(3) Stuart Semmel, Napoleon and the British (Yale 2004) p. 171 See also my entry of April 20th 2008 on Capel Lofft

(4) She reported that during his stay at Plymouth the popular tide in his favour ran alarmingly high, and one evening the mob, won by his smiles, cheered him with enthusiasm She herelf found him more imposing, more extraordinary than any creature I have ever seen. .. He seems quite inaccessible to human tenderness or human distress - still he is wonderful. Dorothy Wordsworth wrote that she was sick of the adulation, the folly, the idol Curiosity which was gathered together round the ship that help the dastardly spirit that has so long been the scourge of all whom he could injure. Semmel p. 172 .

(5) Maitland p 211
(6) Maitland p.224
(7) Maitland pp 211-212
(8) Maitland p. 215

Tuesday, 12 August 2008

Two Saints in Manchester: Where are the Factories?

Now for something totally different.

We have recently had two visitors from St. Helena. Having done an account of our visit to St Helena, I thought it would be interesting to produce some kind of record of their return visit to Manchester.

For them this was a once in a lifetime visit, and we wanted to make it memorable.

They were clearly surprised by Manchester. Not a factory in sight. We eventually found one that produces breakfast cereals. We couldn't find any smoking chimneys though.

This is a view of Manchester taken a few feet from the site of the IRA bomb that devastated the city a little over a decade ago.
In the distance is Manchester's answer to the London Eye!

One thing Manchester has in common with St. Helena is that it is hard to work out how it earns its living.

Like St. Helena it produces very little.

Its main industry is probably education - there are some 70000 students at the three local Universities.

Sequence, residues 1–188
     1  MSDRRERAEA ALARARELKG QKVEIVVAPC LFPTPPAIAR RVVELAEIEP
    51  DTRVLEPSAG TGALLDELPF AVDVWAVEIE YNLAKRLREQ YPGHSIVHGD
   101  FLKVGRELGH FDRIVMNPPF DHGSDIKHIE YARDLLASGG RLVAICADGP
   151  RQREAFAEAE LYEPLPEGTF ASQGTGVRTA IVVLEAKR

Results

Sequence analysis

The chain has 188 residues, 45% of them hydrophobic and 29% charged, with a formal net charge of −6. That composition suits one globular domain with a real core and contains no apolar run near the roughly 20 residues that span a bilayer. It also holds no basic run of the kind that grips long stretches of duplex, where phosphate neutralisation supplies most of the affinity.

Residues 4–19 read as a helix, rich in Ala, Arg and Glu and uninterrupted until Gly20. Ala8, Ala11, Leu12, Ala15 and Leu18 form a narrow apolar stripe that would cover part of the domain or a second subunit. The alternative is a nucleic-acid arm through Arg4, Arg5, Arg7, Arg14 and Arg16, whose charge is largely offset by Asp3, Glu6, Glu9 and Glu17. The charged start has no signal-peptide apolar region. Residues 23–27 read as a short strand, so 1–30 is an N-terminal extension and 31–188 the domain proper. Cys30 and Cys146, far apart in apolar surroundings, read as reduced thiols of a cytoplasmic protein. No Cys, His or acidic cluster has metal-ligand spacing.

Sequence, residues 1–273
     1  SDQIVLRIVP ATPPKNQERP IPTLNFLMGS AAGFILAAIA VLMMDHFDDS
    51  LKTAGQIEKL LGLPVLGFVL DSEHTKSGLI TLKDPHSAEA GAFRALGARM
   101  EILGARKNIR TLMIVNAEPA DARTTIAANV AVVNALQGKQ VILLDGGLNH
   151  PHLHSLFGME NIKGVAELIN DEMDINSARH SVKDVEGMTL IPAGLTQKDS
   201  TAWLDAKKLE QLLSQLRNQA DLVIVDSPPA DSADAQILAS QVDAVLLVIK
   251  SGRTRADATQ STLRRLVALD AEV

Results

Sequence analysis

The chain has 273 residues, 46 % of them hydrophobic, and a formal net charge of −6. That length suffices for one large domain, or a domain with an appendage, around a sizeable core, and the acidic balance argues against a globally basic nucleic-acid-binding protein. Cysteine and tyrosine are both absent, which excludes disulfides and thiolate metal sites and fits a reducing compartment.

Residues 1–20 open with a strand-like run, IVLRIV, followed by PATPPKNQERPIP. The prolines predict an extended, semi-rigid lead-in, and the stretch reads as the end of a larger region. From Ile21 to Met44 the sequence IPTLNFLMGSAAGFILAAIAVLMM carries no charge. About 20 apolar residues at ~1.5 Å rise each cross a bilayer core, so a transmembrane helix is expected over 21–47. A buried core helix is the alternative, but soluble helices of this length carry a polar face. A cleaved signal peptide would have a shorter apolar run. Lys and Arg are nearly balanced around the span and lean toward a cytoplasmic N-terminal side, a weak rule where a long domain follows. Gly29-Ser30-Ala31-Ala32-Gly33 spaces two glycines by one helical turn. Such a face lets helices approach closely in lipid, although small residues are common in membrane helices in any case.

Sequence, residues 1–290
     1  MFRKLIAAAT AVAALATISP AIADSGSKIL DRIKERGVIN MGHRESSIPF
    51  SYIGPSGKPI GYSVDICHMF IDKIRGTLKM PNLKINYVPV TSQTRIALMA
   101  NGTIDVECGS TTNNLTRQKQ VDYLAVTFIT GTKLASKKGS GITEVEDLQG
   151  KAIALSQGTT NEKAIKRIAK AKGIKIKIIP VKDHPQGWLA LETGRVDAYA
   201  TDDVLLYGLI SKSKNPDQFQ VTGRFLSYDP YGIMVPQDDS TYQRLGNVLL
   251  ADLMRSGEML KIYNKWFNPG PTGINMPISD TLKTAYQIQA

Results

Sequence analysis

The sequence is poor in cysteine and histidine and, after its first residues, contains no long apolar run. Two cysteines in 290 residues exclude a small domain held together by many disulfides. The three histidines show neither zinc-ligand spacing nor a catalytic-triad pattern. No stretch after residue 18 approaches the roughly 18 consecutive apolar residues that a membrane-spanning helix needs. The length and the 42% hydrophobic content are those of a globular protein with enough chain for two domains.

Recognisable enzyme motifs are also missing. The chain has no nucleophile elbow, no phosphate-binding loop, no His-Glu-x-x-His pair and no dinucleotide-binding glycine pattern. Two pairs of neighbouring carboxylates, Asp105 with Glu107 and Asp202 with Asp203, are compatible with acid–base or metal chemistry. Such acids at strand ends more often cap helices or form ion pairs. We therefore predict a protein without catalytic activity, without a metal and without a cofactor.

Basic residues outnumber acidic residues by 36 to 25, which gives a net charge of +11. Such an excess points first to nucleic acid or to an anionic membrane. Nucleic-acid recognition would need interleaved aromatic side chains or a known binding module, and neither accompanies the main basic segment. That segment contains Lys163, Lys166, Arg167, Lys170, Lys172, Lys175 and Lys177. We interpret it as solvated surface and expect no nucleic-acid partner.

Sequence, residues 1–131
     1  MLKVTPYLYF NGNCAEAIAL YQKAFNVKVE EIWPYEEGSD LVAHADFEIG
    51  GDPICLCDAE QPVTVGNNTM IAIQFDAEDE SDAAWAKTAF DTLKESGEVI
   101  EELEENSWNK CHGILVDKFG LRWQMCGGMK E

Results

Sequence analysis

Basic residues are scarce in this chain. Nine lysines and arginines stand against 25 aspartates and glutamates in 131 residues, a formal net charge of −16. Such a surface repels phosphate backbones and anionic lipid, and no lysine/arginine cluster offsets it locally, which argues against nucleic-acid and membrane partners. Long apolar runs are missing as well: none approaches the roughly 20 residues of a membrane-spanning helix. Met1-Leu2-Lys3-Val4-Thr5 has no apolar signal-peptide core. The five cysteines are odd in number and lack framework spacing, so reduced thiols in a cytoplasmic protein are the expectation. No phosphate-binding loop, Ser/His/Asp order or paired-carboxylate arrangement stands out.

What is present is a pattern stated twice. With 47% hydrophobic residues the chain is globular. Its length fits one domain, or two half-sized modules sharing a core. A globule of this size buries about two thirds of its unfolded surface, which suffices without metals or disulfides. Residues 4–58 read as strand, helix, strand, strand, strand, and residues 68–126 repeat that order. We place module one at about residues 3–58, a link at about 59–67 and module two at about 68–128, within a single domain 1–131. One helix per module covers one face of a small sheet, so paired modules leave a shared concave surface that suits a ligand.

The City Centre: From Prince Albert to Karl Marx via Peterloo

My wife has become experienced at showing others round the sights of the city centre - including some Mancunians who have been surprised what their native city has to offer. Not bad for a Norwegian!

So the Saints got the usual tour. Starting with the Albert Memorial and the statues in front of the Town Hall, the nearby statue of Abraham Lincoln, and the Hidden Gem (St. Mary's) - the site of the first purpose built Catholic Church to be built in England since the Reformation, with Norman Adams' wonderful abstract paintings of the Stations of the Cross.

Then to the Radisson Edwardian hotel, built on the site of the Peterloo massacre and the former Free Trade Hall. All that remains of the latter is the facade of 1856.(1)

Our visitors clearly enjoyed the luxurious surroundings of the Radisson.

Today the hotel staff were very excited - not by the visit of two people from some remote island in the South Atlantic, but by the imminent arrival of the Juventus football team. Unfortunately we couldn't wait to welcome them.

Then we moved on to the remarkable John Rylands library with its resemblance to a cathedral, then to the eighteenth century St Ann's Chuch and so to the Royal Exchange - once the site of the Cotton Exchange, and now the home of the largest theatre in the round in the UK.

Then after the Cathedral a visit to what is to me the most fascinating place in Manchester

- the medieval buildings of Chethams, home now to a School, as well as to the famous chain library - the oldest public library in the English speaking world.

Our two Saints can be seen sitting in Karl Marx's favourite seat in the library. A first surely for residents of St. Helena!